Instruments strapped onto and ingested by sharks show how the feared but largely misunderstood ocean predators swim, eat and live, U.S. researchers say.
Scientists at the University of Hawaii, working with researchers at the University of Tokyo, have placed sophisticated sensors and video recorders on sharks to record where they travel, how they reach their destinations, and what they do once they get there.
The result is a "shark's eye" view of the ocean and insights into the live of the fish in their natural environment, the researchers said.
"What we are doing is really trying to fill out the detail of what their role is in the ocean," said Carl Meyer, a researcher at the Hawaii Institute of Marine Biology at the University of Hawaii. "It is all about getting a much deeper understanding of sharks' ecological role in the ocean, which is important to the health of the ocean and, by extension, to our own well-being."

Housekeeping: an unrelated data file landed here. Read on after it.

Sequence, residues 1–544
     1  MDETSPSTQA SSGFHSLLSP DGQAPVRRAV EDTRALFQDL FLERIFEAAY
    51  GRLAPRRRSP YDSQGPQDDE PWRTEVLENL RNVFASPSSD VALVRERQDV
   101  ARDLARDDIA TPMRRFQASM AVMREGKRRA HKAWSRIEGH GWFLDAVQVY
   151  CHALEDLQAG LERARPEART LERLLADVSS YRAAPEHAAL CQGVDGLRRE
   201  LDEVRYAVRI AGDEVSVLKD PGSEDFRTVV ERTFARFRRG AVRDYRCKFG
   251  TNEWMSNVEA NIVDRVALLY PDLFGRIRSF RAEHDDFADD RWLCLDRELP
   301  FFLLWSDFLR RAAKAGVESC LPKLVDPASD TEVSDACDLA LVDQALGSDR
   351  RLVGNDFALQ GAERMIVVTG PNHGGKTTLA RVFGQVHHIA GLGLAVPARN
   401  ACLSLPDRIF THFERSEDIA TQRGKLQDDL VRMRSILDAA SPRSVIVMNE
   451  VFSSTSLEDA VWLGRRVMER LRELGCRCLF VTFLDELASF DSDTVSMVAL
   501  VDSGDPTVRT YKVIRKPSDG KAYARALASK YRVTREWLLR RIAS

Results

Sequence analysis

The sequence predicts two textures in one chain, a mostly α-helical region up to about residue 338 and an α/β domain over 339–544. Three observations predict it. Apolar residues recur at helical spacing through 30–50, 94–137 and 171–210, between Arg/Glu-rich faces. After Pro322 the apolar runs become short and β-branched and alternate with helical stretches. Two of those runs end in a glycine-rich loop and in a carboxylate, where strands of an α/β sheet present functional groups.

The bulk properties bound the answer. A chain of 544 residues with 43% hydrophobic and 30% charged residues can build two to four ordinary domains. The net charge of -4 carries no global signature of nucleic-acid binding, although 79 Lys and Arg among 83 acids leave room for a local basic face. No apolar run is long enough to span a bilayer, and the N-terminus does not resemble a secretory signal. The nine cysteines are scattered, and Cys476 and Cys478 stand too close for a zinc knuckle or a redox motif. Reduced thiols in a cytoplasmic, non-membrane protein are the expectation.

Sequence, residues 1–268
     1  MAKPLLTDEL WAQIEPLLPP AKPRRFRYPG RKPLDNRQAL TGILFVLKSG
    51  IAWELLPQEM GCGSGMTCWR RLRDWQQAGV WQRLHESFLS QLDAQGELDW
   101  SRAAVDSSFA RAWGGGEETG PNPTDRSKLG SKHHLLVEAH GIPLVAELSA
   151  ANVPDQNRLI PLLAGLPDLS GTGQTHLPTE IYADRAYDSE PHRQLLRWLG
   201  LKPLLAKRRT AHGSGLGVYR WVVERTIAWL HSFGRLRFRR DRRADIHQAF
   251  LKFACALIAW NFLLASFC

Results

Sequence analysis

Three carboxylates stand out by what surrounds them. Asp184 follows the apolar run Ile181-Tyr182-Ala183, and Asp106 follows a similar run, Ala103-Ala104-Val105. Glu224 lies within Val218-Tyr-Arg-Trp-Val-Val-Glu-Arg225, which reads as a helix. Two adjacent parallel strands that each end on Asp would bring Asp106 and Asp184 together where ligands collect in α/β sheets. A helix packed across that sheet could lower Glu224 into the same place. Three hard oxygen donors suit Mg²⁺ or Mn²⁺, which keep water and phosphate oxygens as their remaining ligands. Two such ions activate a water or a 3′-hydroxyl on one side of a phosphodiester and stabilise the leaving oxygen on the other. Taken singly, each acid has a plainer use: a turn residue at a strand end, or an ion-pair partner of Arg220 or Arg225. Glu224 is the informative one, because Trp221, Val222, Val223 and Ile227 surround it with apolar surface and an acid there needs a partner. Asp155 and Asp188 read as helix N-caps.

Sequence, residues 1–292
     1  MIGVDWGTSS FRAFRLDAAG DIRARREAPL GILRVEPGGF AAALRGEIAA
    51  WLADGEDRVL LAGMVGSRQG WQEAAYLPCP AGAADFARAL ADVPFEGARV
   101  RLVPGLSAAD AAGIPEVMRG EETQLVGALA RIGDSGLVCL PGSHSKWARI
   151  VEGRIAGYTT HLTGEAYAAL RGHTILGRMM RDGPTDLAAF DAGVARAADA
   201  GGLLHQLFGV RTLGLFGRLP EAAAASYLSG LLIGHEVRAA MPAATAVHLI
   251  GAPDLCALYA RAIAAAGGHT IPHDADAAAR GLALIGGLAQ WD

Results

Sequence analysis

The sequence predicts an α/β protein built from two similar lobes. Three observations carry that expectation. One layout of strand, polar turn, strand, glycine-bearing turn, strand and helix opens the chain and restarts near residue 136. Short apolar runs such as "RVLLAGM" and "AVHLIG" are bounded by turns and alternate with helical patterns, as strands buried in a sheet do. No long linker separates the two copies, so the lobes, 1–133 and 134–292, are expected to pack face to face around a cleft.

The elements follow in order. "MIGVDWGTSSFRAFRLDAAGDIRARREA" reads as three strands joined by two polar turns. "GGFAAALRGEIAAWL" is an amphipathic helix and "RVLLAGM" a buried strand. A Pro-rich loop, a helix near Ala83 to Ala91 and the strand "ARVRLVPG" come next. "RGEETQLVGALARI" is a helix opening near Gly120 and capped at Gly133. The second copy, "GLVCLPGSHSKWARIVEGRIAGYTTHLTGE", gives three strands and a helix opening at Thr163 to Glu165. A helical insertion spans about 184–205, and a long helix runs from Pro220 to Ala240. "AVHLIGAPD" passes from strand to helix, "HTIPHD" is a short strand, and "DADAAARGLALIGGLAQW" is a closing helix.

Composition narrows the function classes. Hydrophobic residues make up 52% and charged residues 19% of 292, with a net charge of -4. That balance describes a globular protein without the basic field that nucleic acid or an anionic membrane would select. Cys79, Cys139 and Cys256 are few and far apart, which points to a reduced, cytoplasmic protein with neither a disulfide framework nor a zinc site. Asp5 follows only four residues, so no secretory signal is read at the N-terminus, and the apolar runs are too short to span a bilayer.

The instruments have provided images of sharks of different species swimming in schools, interacting with other fish and moving in repetitive loops across the sea bed.
The researchers discovered sharks used powered swimming more often than a gliding motion to move through the ocean -- contrary to what scientists had previously thought -- and that deep-sea sharks swim in slow motion compared to shallow water species.
"These instrument packages are like flight data recorders for sharks," Meyer said. "They allow us to quantify a variety of different things that we haven't been able to quantify before.
"It has really drawn back the veil on what these animals do and answered some longstanding questions," he said.
The researchers presented their findings Thursday at the 2014 Ocean Sciences Meeting in Honolulu, co-sponsored by the Association for the Sciences of Limnology and Oceanography, The Oceanography Society and the American Geophysical Union.